I am So. Excited. For. SUMMER! I’ve been neglecting laundry and my email this week, in exchange for road trip planning. Below is what I’ve come up with, and my thought process along the way. Our inspiration was Niagara Falls. (If you’re ever in the mood to sit a room of your family’s own farts,... Read more »
We gave away our dog. Our Sophie.
This post is six years in the making, because this happened in February of 2015. I will never forgive myself for giving away the perfect dog.
My husband reminds me that she wasn't perfect: she had separation anxiety and she would scrape the paint and wood off of the doorways. She'd bark for hours and really piss off the other apartment tenants. Even when we moved to the 'burbs, our neighbors on either side could hear her.
But she did all that because she loved us. Unconditionally. And I didn't return her unconditional love.
I'd get annoyed with her scratching, her barking, her being in the way all the time. After years of turning this over in my mind, I'm realizing that I have a hard time giving unconditional love. If you don't do as the world expects or as I expect, then watch out.
What the world gave me, right before we gave away Sophie, was my second son. The child that knocked me off my parenting pedestal. Nothing about him was or is
As it turns out, though, people frown on you for giving away your children...
We've been doing Family Meeting for over three years now. Just listen to testimonials from a few participants:
Husband: I like that we established it when they're young so that it's normal when they're older. I like that it allows them to give input on our weekend. I like the penguins. I think it gave a logical venue to discuss the race stuff.
9 year old: I kind of like the planning stuff and knowing what we're doing.
6 year old: Well, I don't know if I even think it's fun.
So, what IS Family Meeting...
My husband and I are raising three white, middle class, native English speaking, American boys. They will be the most privileged when they grow up. We talk about how privilege and responsibility go hand in hand; you can't have one without the other.
The question I often ask myself is: "If their voices will be heard the loudest, what do I want them to say?"
Here's what I've been doing with my white boys since George Floyd's death:
To state the obvious, shelter-in-place is wearing on me. I miss my friends. I am done exercising by myself. I yearn for hugs so much that I had a dream about embracing random people.
But every time I want to complain during this pandemic, I remind myself how truly good
my life is.
As I write this, family members of George Floyd are planning a funeral. Not only was his death unjust and unnecessary, but he and his family will be robbed of a "normal" service, due to the coronavirus.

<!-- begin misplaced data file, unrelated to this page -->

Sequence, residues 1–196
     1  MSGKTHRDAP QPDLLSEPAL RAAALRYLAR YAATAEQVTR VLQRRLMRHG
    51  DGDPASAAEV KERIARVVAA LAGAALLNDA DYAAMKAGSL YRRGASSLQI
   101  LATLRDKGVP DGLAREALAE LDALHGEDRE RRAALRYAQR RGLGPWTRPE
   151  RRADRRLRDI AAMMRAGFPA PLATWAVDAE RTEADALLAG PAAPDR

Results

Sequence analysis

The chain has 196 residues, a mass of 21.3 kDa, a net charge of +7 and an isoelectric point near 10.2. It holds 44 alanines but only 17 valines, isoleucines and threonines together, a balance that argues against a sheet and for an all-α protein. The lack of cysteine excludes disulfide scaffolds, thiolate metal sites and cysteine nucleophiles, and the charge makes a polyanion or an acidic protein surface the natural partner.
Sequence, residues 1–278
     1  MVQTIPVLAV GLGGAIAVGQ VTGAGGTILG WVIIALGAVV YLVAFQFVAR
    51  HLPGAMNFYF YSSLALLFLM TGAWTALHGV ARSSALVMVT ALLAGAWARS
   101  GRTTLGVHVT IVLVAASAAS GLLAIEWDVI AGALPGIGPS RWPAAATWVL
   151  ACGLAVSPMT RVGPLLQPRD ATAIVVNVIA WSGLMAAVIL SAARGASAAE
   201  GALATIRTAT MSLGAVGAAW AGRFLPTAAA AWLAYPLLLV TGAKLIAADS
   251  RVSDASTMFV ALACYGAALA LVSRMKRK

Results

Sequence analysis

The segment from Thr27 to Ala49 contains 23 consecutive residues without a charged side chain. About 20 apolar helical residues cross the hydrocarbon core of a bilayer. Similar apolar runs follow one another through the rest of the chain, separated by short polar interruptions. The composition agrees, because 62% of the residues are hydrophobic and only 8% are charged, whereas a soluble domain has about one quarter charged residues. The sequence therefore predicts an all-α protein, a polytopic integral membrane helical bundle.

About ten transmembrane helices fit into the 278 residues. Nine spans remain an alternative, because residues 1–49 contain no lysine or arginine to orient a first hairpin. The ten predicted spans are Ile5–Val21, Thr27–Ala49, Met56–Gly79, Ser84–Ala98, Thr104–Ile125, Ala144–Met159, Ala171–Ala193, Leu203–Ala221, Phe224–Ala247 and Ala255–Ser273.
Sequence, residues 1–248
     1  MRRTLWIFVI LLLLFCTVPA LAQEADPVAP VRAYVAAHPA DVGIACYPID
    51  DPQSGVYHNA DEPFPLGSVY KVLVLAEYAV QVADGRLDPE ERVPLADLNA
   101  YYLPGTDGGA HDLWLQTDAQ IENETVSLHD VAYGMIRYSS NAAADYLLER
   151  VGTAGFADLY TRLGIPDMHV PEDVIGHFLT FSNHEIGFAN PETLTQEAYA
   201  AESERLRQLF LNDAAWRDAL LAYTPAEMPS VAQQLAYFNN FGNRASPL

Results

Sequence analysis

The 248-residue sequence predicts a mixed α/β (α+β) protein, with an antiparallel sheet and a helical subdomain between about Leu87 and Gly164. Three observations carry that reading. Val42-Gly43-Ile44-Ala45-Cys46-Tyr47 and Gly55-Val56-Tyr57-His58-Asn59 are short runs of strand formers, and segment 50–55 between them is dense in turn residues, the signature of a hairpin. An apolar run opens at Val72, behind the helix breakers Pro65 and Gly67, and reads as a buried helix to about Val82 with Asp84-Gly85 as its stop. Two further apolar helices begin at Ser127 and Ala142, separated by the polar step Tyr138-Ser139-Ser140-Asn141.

This past month, Ahmaud Arbery's mom did not decorate his home with balloons or plan a Zoom call with family on his birthday. She mourned him. Others honored him by walking or running 2.23 miles.
Friends of ours have lost spouses and parents to COVID and non-COVID related illnesses. None of them have gotten to experience the full grieving process, surrounded by loved ones.
So, yeah: I'll remove my complaint of "boredom" from the pity pile...
"Coping" sounds a little dramatic to me, because I have it better than most. I'm used to my kids being at home, and my husband will now join us- AND keep earning a salary. We live in a house with a yard, so we can escape each other. No one is on any medications or has allergies. We're not in the stage in our lives where we'll be missing out on high school or college memories, weddings, or big travel. I feel very grateful.
But, I'm me, so I also feel much more sane and safe with a PLAN. God bless the moms and teachers out there who are creating and sharing content for our kids. We will all adapt and overcome with this e-learning in place. There are so many good ideas out there, so this post will contain a structure for implementation, plus a few creative ways to connect with people without physically being around them.
Weekday Schedule (explanations at bottom; outside time based on hourly weather)
My husband and I have come to the realization that some days are better than others. We used to get caught up on the bad days, feeling paralyzed in our negativity. And then, when the good days came, we'd feel a weight lift, like everything would always be okay. Inevitably, though, we'd have another bad day, and get down on ourselves...
These kids fight constantly. They're going to be the adult siblings that never speak to each other.
Wow- I can't believe how well they're building that Lego tower together. They're definitely going to vacation together when they're older!
We're having the same argument again. Are we just always going to resent each other?
Oh my gosh- he's making me laugh so hard. Maybe we can get the pre-kids "us" back!
This baby is never going to sleep through the night...
Huh- the baby hasn't woken in the night in forever. This is amazing!
What upset me most about my five year old's behavior in the Christmas pageant? Well...
To preface this, if we all threw our parenting problems in a pile, I would pull out "kid with ADHD"
again. Of all the things, there are way worse challenges that face my fellow parents.
My disappointment yesterday comes from the age-old mantra: "I know your potential. I've seen you accomplish this. I know you can do better. So...why didn't you?"
It's true: I believe that I'm a pessimist at heart. I work hard to be positive, but it IS work for me.
To be fair, I think it's human nature to notice the bad and overlook the good.
Here are six ways this pessimist practices gratitude:
Well, the longest summer ever is drawing to a close (three days to go)! Here's a recap of five summer #momfails,
and what I can improve on next summer...